Apple has a few new patent applications with the USPTO (via AppleInsider), all relating to sapphire glass displays and elements for its use in mobile devices. The patents cover a method for making sapphire glass display covers stronger, a way to create illuminated buttons with sapphire, and a way to embed markings below a sapphire layer.
The strengthening patent may be the most interesting, given the recent video purporting to show the iPhone 6 screen cover component being bent and generally abused without it breaking. The filing Apple made actually talks about things very similar to what was shown in the video, by providing a way to treat part of a screen in such a manner as to make it resistant to impact, strain from distortion and to just generally make it more durable.
The means for strengthening include tempering the glass or heating or lasering specific points to selectively apply additional durability. It’s not clear whether this could make a super bendable, unbreakable material like that depicted in the supposed iPhone 6 component stress test videos, but it’s a sign at least that Apple has been thinking about this problem.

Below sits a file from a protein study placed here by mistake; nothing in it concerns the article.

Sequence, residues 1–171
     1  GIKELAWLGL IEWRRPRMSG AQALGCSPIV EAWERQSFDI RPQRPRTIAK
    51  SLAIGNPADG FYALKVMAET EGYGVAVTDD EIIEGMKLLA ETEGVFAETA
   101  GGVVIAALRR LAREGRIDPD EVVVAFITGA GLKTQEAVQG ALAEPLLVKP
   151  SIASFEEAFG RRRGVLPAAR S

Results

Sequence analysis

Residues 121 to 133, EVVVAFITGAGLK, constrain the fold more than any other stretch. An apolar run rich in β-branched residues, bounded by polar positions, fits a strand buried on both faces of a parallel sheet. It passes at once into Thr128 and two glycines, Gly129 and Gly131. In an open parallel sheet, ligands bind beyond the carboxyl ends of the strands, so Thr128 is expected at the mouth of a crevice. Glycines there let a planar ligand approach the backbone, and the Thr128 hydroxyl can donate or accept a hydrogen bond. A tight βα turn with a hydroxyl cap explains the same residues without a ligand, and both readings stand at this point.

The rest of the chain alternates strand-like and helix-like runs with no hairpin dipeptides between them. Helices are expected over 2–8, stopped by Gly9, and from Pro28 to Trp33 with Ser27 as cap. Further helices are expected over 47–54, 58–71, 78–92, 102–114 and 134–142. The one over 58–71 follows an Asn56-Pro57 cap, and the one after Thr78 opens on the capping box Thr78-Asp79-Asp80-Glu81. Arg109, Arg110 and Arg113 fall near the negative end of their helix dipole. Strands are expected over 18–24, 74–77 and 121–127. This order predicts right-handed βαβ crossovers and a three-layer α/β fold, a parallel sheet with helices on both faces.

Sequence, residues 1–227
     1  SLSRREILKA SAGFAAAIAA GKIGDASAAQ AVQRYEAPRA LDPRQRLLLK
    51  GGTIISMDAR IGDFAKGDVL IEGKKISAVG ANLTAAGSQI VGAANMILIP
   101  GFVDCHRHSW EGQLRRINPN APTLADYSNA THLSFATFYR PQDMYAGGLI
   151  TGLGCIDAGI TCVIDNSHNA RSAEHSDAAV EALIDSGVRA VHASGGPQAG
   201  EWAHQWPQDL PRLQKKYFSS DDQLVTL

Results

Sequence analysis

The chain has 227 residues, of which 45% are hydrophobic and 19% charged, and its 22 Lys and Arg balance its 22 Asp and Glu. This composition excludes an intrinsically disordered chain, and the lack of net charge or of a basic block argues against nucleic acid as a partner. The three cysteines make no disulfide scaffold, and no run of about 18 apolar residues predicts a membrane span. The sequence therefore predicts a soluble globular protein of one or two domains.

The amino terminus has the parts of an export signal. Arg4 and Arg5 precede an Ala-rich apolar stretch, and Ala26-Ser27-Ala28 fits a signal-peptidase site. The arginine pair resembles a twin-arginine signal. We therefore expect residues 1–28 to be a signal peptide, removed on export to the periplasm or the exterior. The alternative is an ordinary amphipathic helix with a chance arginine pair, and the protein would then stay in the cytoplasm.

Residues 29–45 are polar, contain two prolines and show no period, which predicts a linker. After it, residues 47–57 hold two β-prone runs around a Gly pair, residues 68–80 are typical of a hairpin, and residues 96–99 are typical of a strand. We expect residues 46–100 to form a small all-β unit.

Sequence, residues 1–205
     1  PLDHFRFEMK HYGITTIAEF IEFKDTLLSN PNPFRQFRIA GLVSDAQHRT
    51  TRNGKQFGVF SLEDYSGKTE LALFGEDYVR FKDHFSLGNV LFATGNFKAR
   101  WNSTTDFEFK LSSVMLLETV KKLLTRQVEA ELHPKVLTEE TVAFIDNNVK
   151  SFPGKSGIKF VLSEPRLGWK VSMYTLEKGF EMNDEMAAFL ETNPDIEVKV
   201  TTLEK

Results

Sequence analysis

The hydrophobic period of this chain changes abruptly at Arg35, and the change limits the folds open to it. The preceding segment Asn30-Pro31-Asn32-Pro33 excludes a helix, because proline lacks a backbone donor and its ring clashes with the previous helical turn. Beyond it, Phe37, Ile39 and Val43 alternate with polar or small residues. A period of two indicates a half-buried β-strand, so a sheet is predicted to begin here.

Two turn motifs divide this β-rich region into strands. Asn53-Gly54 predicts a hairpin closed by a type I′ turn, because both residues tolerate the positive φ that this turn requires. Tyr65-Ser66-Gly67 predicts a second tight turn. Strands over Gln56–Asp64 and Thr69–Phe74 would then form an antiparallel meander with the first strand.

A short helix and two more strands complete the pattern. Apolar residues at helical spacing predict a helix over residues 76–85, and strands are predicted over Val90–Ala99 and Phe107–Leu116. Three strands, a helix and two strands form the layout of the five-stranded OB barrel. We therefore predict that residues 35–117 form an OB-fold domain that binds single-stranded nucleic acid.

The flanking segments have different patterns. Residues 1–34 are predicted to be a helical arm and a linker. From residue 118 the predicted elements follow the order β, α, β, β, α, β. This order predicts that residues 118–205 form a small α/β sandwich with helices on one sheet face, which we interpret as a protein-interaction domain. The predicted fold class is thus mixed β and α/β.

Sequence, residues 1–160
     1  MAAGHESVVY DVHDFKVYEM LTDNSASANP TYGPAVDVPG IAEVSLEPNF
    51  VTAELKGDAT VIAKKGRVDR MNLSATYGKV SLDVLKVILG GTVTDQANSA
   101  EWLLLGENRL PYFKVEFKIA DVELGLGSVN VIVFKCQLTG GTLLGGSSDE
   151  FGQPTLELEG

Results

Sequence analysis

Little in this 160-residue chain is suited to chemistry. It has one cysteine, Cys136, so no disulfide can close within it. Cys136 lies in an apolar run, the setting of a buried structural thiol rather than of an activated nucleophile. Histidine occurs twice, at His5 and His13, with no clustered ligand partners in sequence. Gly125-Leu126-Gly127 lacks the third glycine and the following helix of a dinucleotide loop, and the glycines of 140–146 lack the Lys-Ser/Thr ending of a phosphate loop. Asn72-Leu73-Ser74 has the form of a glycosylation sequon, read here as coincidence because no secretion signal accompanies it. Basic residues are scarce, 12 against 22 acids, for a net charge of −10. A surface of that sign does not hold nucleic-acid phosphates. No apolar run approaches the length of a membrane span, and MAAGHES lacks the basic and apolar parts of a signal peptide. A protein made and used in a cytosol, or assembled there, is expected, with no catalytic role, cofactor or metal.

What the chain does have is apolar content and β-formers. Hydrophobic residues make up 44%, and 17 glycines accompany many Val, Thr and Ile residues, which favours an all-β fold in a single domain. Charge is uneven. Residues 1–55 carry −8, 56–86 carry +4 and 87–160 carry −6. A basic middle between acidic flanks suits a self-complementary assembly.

The patent for buttons and rockers made of sapphire details a number of ways to make the physical controls of an iPhone out of sapphire. Apple already uses sapphire in the home button on the iPhone 5s, but these techniques would also apply to other physical buttons on iOS devices, and includes a way to embed an LED to make them light up. If Apple were looking to make a device all-glass, or at least primarily out of sapphire, this technique would definitely come in handy.
Finally, Apple also has a patent for embedding markings within Sapphire, making it highly legible but also not prone to wear from elements or repeated use. This would be handy for the typical text on the back of an iPhone, for instance, for logo embedding, and more.
Apple is expected to unveil some kind of new incorporation of sapphire into the next iPhone, which will likely be launched this fall if the company keeps to its usual timeline.